1. Looting the dead
  2. Weapons and armor may be taken from figures that are dead or have yielded (except yielded knights). It takes one half turn to remove one weapon, a full turn to remove protection other than shield, two turns to put on protection of level 3, three for better protection.



  3. Sieges, etc.

For determining results of using siege equipment, use two different colored ten sided dice. One die to represent tens, and the other to represent ones.

  1. Pushing Down Ladders
  2. Can only be done when there is no figure on top of the ladder to oppose it. Up to men can push. Chance of pushing it down: 30 per cent per man pushing less 5 per cent per man on ladder, or on ground holding it (max two).

  3. Battering Ram
  4. Only effective against doors, gates, and timber structures. Wielded by at least two figures, up to maximum of ten. Its chance of destroying a gate or door or making a one inch gap in timber is 7 per cent per man, plus 5 per cent per turn in which it is used. Thus two men with ram, on their second turn of battering, have 19% chance of success. Wounded men cannot wield a ram.

  5. Pick, Screw
  6. Mounted in sow (penthouse on wheels, which can also be used with a ram). Can make a 1 in square hole in stone wall at rate of 1/8th inch of penetration per move with crew of four. When hole has penetrated through the wall, the wall above may collapse to form a breach — 40 per cent.

  7. Axes
  8. Up to two men may use axes against timber wall, gate, or door. Chance of destroying gate, door, or of making a 1 inch breach in a wall is nill in the first turn of chopping, increasing by 5 per cent per man move thereafter.

  9. Cauldrons, Rocks
  10. Rocks and cauldrons of boiling oil or molten lead (fire required, 3 moves to heat up) may be placed on ramparts; each is operated by one figure and can be used only once per game. Molten lead doubles the chance of hitting over rock or oil. If oil hits a sow, siege tower, or ram it has a 10 per cent chance of setting it on fire. Same as timber (under fire arrow rule) to put out.

  11. Drawbridges and Portcullises
  12. Take 1/4th move to operate (down), full move to pull up. Portcullis prevents use of axes against a door.

  13. Engines, Crews
  14. Sows, rock-throwing engines and siege towers all require crews which count as units and must include at least one B grade sergeant, only such a man being able to master the complex technology involved. If this sergeant is killed or wounded the host may decide what penalty is involved, otherwise the engine is inoperable. Crew at least four in each case. To be manhandled, they need at least ten figures on foot to aid. A team of four animals and a driver can move them at full speed.

  15. Stakes
  16. May be carried and set up by foot figures. If placed within one half inch of each other, they count as a defended obstacle in melee.

  17. Ladders

Can be carried by one man per 3 in, set up by one if up to 6 in, otherwise 2.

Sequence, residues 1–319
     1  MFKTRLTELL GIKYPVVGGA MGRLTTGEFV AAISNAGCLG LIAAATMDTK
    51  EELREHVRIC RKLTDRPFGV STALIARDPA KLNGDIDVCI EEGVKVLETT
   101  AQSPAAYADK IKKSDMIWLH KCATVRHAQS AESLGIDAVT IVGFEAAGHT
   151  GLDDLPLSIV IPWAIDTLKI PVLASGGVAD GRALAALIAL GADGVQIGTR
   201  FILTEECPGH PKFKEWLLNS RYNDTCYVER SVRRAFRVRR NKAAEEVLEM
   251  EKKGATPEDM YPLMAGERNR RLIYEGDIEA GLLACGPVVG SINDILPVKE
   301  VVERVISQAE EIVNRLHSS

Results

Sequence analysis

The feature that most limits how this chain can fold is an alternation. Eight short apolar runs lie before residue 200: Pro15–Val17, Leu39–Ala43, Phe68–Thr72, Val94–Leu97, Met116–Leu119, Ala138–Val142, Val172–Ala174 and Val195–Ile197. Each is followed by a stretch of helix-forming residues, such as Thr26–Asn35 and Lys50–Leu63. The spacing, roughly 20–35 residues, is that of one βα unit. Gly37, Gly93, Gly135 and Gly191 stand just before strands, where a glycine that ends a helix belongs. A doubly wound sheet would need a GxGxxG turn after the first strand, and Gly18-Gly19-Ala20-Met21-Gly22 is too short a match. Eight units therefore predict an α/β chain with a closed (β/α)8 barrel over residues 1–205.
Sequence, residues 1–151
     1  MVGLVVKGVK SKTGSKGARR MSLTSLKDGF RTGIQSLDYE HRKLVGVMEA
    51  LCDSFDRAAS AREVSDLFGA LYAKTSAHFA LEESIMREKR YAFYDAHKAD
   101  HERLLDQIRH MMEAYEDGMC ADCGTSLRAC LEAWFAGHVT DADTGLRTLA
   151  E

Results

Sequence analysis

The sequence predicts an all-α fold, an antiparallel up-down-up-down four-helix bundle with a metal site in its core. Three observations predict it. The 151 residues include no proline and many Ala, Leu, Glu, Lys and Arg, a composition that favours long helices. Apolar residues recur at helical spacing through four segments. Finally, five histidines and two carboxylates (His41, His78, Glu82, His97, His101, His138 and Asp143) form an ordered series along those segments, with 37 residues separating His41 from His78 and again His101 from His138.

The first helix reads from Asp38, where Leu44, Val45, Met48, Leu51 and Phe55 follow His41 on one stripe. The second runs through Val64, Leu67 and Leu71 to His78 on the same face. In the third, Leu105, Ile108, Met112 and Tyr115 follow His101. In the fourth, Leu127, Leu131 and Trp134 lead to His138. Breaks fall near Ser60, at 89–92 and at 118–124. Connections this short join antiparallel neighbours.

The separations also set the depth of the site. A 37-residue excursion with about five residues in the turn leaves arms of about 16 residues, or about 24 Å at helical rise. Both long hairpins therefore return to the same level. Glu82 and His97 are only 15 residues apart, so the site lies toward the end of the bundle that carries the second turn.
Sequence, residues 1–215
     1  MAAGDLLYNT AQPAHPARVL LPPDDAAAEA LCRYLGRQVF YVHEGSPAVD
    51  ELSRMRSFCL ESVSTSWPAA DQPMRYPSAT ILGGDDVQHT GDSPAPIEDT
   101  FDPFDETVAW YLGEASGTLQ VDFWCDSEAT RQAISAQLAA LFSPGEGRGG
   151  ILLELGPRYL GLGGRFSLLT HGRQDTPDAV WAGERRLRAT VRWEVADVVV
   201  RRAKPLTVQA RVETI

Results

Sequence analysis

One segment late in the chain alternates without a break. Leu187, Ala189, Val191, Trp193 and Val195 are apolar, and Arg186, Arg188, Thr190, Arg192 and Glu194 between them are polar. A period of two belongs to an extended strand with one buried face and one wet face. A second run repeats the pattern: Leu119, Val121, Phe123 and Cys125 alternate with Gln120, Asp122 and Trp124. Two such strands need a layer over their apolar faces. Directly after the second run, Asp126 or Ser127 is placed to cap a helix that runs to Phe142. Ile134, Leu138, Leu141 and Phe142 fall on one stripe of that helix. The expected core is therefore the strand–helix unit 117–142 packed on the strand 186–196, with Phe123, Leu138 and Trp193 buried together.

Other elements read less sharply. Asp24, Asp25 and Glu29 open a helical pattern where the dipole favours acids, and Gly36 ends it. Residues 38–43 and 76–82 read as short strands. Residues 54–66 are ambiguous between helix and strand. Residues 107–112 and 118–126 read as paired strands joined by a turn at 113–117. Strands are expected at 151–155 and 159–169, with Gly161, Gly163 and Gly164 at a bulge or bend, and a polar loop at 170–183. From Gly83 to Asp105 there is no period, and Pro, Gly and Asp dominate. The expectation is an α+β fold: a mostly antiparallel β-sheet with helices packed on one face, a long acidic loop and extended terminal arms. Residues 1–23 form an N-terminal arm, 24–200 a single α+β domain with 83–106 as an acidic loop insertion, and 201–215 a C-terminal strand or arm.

1. Use of Weapons

    A figure climbing or carrying a standard, faggot or similar load cannot use a two-handed weapon or a one-handed weapon and shield. A figure shooting, except with javelin, cannot claim to be using a shield.

  3. Standards
  4. Each force, battle, and army should have a standard, carried by a figure, or in the case of armies, it may be mounted on a wagon. An opposing figure which kills the standard-bearer has a 50 per cent chance of snatching the standard, which otherwise falls to the ground. It takes a half move to pick up a fallen standard. In deciding who has won a battle, standards captured count:

    Army standard — 300 points

    Battle standard — 150 points

    Force standard — 50 points

  5. Clerics
  6. Clerics are unprotected unarmed figures whose function is to affect their own side’s morale. They can be A grade (bishops, saints, etc.) or B grade (monks, nuns, priests, etc.) If attacked in melee, they do not fight back, but yield to the enemy. Exception to this rule are Joan of Arc type figures which can be covered under the host’s game conditions.

  7. Downgrading and Upgrading
  1. A knight who flees from the field is downgraded one level.
  2. A knight failing to meet a charge is downgraded one level IMMEDIATELY.
  3. Sergeants recruited into an opponents army go down one level.
  4. Captured peasants drop to grade E.
  5. Anyone injuring a cleric is downgraded one level IMMEDIATELY.
  6. In a campaign, sergeants and peasants may be upgraded one level after a victory in which they

Fought hand-to-hand and were not forced to flee. Knights who unhorse an equal (or better) in grade

and class opponent may be upgraded after the battle — even if already grade A, they can rise to A1, A2,

and so forth.

  1. Points System

The point system is intended to allow the choice of differing, but roughly equivalent armies for games. It also provides a means to decide the winner. In this case, troops who have yielded or are fleeing on the table, count _ point value to their own side. Troops dead or fled off the table are not counted, wounded troops which have not yielded or fled count one half.

Peasant 1 Faggot (to fill moats, etc,) 1

Sergeant 3 Flint and Steel 5

Knight 7 Fire missile 1

Cleric 9 3 javelins or 12 other missiles 2

Grade A 5 Wagon 10

B 4 Draught animal 3

C 3 Penthouse 12

D 2 Ram or Pick 10

E 0 Ladder 2

Extra for: Baron 10 Oil, cauldron or similar with fire 6

Count, Earl 20 Rock 1

Duke 30 One round for bombard 3

King 50 Catapult type engine 20

Protection: 1 5 Bombard 30

2 4 Siege Tower 50

3 2 Bucket with water 1

4 0 wood stone

Horse 5 Keep 250 625

Barded horse 8 Large Tower 50 125

Handgun, crossbow, longbow, Small turret 30 75

Heavy Lance 2 12 in of curtain 50 125

Other weapons 1 Gatehouse 100 250

Pavise (2in by 1 in) 2 12 in wet moat 40

Points continued:

Stakes 1 12 in wet moat 20

Drawbridge, portcullis 15